8. In short, the defence was a denial of default or non-payment of rent and a denial of forfeiture on that ground and a denial also of unauthorised assignment or transfer or, at any rate, of transfer or assignment of the lessee's (transferees') whole interest without the plaintiff's consent, and of forfeiture on that ground and a plea, further, o subsisting interest of defendant No. 3, at least, under the assignment from the firm Unity Productions, who were direct assignees from or lessees from or under the plaintiff, as aforesaid, or had, at least, a right to resist eviction, under Section 53A of the Transfer of Property Act, under the document of lease or assignment or intended lease or assignment, dated 1-1-1944, as disclosed by the defendants at the time of opening of the same.

9. On the above pleadings and cases of the parties, the main issues, which arose, for decision were Issues Nos.:

'5. Was Kanhayalal Kanodia at all material times or at any time whatsoever owner in possession of the properties in suit as alleged in paragraph 1 of the plaint?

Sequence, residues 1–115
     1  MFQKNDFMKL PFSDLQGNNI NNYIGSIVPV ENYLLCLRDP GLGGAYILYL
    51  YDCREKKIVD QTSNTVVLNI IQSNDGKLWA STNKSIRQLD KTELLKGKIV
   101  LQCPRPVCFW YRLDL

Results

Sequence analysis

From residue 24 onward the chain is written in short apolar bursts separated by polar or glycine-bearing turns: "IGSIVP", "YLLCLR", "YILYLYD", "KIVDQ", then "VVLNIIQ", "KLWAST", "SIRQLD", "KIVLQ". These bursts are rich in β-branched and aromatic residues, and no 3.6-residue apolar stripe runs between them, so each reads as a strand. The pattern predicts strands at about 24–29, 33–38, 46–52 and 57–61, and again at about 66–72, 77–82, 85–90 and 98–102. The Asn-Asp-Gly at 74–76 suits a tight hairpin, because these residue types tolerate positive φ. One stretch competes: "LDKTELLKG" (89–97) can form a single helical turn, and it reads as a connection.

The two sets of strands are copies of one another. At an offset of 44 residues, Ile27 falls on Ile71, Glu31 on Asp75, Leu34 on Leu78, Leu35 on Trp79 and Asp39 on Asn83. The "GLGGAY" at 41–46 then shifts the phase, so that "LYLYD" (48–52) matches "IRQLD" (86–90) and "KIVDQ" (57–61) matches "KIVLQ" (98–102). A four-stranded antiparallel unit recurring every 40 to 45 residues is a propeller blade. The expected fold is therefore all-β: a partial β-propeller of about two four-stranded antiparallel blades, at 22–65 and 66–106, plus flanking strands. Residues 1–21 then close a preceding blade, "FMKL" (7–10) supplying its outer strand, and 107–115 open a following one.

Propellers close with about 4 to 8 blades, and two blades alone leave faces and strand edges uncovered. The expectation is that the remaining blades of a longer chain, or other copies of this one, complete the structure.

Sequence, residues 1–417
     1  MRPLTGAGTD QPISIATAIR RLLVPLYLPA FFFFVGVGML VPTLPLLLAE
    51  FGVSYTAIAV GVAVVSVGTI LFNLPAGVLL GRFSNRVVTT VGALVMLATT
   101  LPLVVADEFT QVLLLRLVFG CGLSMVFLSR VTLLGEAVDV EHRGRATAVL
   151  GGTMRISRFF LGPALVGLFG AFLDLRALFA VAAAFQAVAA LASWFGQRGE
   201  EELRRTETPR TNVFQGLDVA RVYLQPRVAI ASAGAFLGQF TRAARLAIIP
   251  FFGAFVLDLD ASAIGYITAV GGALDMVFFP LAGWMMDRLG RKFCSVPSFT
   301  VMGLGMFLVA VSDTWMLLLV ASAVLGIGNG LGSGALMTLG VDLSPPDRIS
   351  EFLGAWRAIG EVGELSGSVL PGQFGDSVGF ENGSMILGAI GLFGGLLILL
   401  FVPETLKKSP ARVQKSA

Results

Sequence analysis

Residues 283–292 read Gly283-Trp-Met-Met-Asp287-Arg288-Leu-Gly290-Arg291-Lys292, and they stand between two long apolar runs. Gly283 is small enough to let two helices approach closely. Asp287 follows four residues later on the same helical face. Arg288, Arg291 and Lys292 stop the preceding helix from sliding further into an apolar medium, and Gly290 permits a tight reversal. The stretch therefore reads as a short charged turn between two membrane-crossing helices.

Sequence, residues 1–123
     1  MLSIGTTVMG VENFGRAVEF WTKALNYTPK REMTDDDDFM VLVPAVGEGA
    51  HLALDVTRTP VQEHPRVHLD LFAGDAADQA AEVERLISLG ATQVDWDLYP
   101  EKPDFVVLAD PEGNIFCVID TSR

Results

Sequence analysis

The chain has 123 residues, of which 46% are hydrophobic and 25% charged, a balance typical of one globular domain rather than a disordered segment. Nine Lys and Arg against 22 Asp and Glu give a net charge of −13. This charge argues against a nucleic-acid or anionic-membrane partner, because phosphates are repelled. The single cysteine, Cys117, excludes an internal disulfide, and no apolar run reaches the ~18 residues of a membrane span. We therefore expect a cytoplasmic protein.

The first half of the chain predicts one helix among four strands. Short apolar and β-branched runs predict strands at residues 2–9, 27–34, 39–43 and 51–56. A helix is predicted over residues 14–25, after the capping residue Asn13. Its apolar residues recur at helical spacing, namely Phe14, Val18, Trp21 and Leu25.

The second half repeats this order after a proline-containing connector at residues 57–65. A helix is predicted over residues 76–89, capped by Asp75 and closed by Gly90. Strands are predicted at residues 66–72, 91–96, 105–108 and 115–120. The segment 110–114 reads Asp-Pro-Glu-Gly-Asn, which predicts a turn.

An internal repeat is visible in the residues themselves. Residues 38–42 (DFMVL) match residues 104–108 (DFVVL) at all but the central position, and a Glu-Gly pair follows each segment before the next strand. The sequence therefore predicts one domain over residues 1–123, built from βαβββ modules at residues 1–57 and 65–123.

6 (a). Did Kanhyalal Kanodia lease out the premises in suit to the firm Unity Productions by the alleged document dated 1-1-1944?

6 (b). Did Kanhayalal Kanodia consent to the said lease being transferred and/or assigned in favour of one Indra Kumar Karnani by his alleged letter, dated 10-1-1947, addressed to Indra Kumat Karnani?

6 (c). Can the alleged consent contained in the plaintiff's alleged written representation, dated 10th January, 1947, be construed as consent to the assignment in favour of defendant No. 3 of the two documents of lease, dated 24-11-1944, in favour of defendants Nos. 1 and 2, as alleged in paragraph 5 of the written statement of defendant No. 1 and paragraph 13 of the written statement of defendant No. 3?